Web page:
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Fishback Nursery, Inc., vs. PNC Bank, N.A. (5th Cir.) – Purchase Money Security Interests Are Unperfected Because Financing Statements List Both Debtor’s Correct Name and DBA; Contractual Choice of Law Clause Does Not Govern Perfection

The following is a case update prepared by Dan Schechter, Professor Emeritus, Loyola Law School, Los Angeles, analyzing a recent decision of interest:

SUMMARY:

The Fifth Circuit has held that two agricultural purchase money security interests were unperfected because the secured creditors’ financing statements listed both the debtor’s correct name and its DBA, thus making it impossible for the Secretary of State’s standard search logic to pick up the filings.  Further, the contractual choice of law clauses contained in the parties’ invoices did not control the issue of lien perfection.  [Fishback Nursery, Inc., vs. PNC Bank, N.A., 2019 Westlaw 1548823 (5th Cir.).]

Facts: Two agricultural wholesale nurseries sold plants to a retail nursery.  Two of the buyer’s locations were in Michigan and Tennessee; another was in Oregon.  The wholesalers took purchase money security interests in the plants.  Both of the wholesalers filed financing statements listing the debtor’s name as “BFN Operations, LLC abn Zelenka Farms,” despite the fact that the debtor’s founding documents listed its name as “BFN Operations LLC.”

Following the retailer’s Chapter 11 filing, a bank provided debtor-in-possession financing, subject to all properly perfected pre-petition liens.  The parties became embroiled in a priority dispute, and the wholesale nurseries brought suit in federal court seeking declaratory relief.  The parties filed cross-motions for summary judgment.  The trial court ruled in favor of the DIP lender, and the Fifth Circuit affirmed.

Reasoning: The nurseries argued that the invoices contained Oregon choice of law clauses; the appellate court noted, however, that the priority dispute was not controlled by a contractual choice of law clause:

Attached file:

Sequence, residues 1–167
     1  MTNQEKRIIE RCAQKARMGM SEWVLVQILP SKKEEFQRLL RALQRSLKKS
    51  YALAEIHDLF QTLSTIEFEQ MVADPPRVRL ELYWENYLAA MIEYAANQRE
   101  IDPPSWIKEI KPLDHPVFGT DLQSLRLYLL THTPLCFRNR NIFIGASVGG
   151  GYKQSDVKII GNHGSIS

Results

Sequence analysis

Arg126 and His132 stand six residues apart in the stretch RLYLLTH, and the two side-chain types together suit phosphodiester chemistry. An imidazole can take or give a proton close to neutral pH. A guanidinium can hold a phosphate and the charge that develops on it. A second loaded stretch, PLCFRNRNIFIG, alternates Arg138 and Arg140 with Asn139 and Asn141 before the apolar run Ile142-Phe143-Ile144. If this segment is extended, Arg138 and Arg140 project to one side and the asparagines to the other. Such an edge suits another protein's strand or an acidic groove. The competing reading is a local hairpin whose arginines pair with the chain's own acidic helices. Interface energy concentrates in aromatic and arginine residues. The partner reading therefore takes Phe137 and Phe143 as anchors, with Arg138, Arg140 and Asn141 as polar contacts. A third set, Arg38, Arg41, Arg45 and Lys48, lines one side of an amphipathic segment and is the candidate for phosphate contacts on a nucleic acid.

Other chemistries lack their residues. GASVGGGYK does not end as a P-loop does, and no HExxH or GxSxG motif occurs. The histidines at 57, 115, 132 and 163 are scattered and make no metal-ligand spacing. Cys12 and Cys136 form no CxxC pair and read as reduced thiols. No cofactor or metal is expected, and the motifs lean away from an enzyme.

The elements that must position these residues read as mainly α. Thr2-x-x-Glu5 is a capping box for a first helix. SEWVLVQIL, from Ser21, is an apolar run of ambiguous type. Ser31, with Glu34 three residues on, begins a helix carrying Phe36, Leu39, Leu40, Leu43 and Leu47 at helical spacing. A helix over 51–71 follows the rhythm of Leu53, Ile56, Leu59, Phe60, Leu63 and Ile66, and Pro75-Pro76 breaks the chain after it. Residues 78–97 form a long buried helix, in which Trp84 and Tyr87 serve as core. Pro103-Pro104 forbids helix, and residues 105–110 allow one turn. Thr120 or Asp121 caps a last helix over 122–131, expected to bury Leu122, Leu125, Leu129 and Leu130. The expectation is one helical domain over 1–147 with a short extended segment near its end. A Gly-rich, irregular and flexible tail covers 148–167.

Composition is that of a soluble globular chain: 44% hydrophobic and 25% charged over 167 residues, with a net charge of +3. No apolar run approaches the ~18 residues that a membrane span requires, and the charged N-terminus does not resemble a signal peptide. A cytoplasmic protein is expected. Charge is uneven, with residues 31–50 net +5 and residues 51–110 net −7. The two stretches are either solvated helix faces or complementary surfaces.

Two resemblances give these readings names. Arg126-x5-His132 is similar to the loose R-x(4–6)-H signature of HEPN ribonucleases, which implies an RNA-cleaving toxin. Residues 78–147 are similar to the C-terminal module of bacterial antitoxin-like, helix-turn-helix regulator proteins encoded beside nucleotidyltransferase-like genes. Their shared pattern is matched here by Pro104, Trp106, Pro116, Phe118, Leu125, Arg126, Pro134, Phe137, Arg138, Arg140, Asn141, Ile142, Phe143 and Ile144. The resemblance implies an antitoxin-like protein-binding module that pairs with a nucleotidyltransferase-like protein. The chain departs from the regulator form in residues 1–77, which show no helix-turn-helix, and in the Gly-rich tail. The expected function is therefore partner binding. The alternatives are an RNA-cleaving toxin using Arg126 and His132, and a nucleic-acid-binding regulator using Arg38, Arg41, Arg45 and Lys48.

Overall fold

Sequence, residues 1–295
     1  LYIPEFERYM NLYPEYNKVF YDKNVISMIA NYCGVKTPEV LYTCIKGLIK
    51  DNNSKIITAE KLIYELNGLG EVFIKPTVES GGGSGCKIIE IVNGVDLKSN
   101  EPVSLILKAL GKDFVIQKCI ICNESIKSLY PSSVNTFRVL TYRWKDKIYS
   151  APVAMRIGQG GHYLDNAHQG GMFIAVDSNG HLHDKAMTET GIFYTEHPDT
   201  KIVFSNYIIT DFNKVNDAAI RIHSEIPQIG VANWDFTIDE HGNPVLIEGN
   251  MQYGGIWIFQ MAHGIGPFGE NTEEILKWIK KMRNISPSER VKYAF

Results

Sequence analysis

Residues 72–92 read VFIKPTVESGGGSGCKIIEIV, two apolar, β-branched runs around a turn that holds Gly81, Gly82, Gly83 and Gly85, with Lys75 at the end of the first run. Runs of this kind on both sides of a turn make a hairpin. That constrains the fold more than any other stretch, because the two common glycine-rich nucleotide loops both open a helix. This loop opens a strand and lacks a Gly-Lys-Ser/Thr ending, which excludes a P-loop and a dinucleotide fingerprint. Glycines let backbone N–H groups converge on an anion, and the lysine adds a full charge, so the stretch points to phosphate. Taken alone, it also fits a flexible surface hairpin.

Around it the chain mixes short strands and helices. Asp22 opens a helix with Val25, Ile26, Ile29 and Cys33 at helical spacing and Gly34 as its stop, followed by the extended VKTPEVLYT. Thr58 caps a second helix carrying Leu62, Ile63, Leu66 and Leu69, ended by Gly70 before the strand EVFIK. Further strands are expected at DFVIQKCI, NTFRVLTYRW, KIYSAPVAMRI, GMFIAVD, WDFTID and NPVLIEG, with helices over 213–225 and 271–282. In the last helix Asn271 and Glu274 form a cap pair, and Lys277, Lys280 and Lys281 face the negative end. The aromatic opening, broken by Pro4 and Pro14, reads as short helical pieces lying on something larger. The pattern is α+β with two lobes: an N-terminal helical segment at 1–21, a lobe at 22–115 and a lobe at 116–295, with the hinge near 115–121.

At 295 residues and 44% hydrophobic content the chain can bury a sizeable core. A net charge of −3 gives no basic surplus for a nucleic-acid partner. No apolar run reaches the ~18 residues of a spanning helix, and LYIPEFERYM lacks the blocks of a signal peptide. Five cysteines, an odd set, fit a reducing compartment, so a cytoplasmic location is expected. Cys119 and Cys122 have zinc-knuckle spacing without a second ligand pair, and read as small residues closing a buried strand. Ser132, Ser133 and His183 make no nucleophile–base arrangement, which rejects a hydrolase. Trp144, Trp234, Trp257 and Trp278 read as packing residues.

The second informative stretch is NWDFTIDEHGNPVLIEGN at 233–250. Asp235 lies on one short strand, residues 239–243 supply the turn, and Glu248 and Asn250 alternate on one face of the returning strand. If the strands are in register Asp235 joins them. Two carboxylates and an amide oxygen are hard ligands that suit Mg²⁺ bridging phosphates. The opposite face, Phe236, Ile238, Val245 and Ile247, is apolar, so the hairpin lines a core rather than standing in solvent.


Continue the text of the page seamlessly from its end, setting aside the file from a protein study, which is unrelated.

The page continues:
[H]ere we do not have a contractual dispute between [a wholesale nursery and a retailer], to which the choice-of-law clause might apply . . . . Instead we have a dispute between the Nurseries and a third party [the DIP lender] over lien priorities in [the debtor’s] assets. The Nurseries identify no authority for applying a choice-of-law provision in a contract to a lien dispute with a third party. Doing so, as the district court pointed out, would be unfair to parties who are strangers to the contract containing the choice-of-law provision, “including third-party creditors in lien disputes like this one.”

The court then affirmed the trial court’s ruling that the Michigan and Tennessee financing statements were inadequate because “under the strict search logics in these states, searching with [the debtor’s] correct name would not uncover the incorrectly named liens.”

One of the nurseries argued that its financing statement constituted “substantial compliance” with the Oregon rules governing the extension of agricultural liens.  But the court quoted the trial court’s reasons for rejecting that argument:

[A]llowing the UCC statement to “pull double duty” as a notice of lien would cause prejudice by failing to notify others that a lien has been extended: “Searchers of Oregon’s lien index cannot determine the duration of a lien just by looking at a financing statement.” Instead, that is the notice of lien’s purpose, which is why Oregon law specifically requires it to warn others that a lien has been extended beyond the usual 45-day expiration date.

Author’s Comment: The most interesting part of this opinion is the failure of the financing statements.  Note that the debtor was described as “BFN Operations, LLC abn Zelenka Farms.”  The debtor’s correct name was “BFN Operations LLC.”  Although the court did not say so, I am fairly sure that “abn” means “alternate business name,” i.e., “dba,” or “doing business as.”

Why did the PMSI creditors file financing statements containing both (1) the debtor’s true name and (2) the debtor’s tradename?  This was, almost certainly, a classic example of “an excess of caution.”  No good deed goes unpunished.  The extra information paradoxically poisoned the index; thus, the Secretary of State’s standard search logic failed to pull up the financing statements.  In turn, that glitch meant that the purchase money security interests were unperfected, costing the wholesalers more than $1.3 million.

How can a trade creditor avoid this understandable but fatal mistake?  First, of course, the credit management staff has to be properly trained in the art of filling out a UCC-1.  Second, however, the company can adopt “failsafe” procedures for checking filings by doing a “post-closing” search of the index.  If the filing does not come up, that is a bright red flag.

For discussions of cases involving closely-related issues, see:

  • 2010 Comm. Fin. News. 41, Financing Statement Is Misleading Because It Includes Both Debtor’s Legal Name and Its DBA.
  • 2008 Comm. Fin. News. 06, Financing Statement Filed Under Corporate Debtor’s Proper Name Is Invalid When Debtor’s DBA Is Also Included.

These materials were written by Dan Schechter, Professor Emeritus, Loyola Law School, Los Angeles, for his Commercial Finance Newsletter, published weekly on Westlaw.  Westlaw holds the copyright on these materials and has permitted the Insolvency Law Committee to reprint them.

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